So, you’ve signed up for your first ITS event.
Feeling nervous? Unsure? Confused?
Don’t worry! In this article, we’re going to see if we can assuage some of those concerns and get you ready for that event.
First, let’s go through a checklist of things you should bring to the tournament:
- Models – These are kind of important.
- Tape Measure – One that is sturdy and can lock is ideal.
- Dice – You’ll probably want three or four of these, minimum.
- Tokens – At least markers that cover all that you can do, such as wound/unconscious, suppression fire, prone, and spearhead markers. This includes templates.
- Water – Mostly anything is fine as long as it hydrates you, but plain water is best.
- Snacks – A bag of nuts, trail mix, or other quick bite to keep your long term energy levels high.
- Carrying Tray – You are much quicker if you can set-up and break-down before and after each round without having to deal with foam or whatever other storage means you use.
Though, these don’t really require all that much preparation. What really matters is in your mental state.
This may sound cruel, but be prepared to lose. This isn’t to say that you will not win. This is more so that a losing game doesn’t hurt your performance later in the event. Some refer to this frustration at losing as “going on tilt”. When “on tilt”, players will often lose sight of the objectives, make irrational decisions, and generally play much sloppier. These tend to be rather unpleasant experiences for at least the player that is on tilt.
Relax. Seriously, just relax. Take a deep breath and clear your mind. If you start caving into the pressure, you’ll miss things that would otherwise be obvious to you. This also helps you keep your cool and not go on tilt.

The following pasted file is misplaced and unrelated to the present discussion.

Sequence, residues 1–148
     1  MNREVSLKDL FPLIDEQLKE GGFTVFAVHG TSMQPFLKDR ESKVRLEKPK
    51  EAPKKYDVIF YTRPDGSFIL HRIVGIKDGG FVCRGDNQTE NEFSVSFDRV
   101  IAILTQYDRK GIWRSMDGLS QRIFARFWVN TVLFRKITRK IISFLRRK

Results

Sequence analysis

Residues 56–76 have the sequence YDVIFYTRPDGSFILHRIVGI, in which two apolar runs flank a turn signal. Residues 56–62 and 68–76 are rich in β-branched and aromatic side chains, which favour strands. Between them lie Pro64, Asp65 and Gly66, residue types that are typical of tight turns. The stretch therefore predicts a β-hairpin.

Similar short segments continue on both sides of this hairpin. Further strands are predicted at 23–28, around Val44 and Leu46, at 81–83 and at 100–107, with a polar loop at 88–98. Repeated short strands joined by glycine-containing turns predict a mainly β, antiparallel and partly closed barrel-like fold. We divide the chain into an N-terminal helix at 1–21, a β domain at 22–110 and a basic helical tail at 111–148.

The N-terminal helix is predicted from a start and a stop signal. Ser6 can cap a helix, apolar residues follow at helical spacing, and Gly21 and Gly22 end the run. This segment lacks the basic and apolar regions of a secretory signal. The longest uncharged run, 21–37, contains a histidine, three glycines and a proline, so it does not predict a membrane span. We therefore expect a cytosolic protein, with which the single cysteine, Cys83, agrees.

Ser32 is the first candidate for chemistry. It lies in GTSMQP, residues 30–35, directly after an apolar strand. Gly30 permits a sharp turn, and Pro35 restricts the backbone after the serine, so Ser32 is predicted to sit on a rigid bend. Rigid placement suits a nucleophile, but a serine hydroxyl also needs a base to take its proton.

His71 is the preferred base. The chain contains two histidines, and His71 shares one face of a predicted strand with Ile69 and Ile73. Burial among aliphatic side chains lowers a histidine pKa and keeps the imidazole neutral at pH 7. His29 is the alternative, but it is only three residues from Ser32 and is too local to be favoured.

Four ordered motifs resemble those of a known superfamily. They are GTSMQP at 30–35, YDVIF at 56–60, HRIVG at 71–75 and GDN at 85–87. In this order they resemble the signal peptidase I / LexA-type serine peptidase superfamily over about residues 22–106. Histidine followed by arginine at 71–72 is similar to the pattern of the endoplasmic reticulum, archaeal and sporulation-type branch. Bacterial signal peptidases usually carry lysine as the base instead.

Know your rules. If you’re bringing a model, know the special rules and equipment that come with it. It saves a lot of time and stress during the event. Most events have timed rounds, and removing a lot of “lookup” time relieves that concern.
Know the schedule. Often times, TO’s will post their expected schedules publicly. This can include meal times, round start times, and registration times.
Keep your mind on the objectives. No matter what happens, remember that each mission has it’s own set of tasks to accomplish in order to get objective points.
Don’t fret the rankings. For your early tournaments, the objective shouldn’t be to place first, so much as to acclimate yourself to the environment and be able to play during tournaments as you would play during casual pick up games.
Note that these are guidelines from one person’s perspective and not a guarantee for success. If you know something else works for you, go with that.
Best of luck and remember that the main objective is to have fun!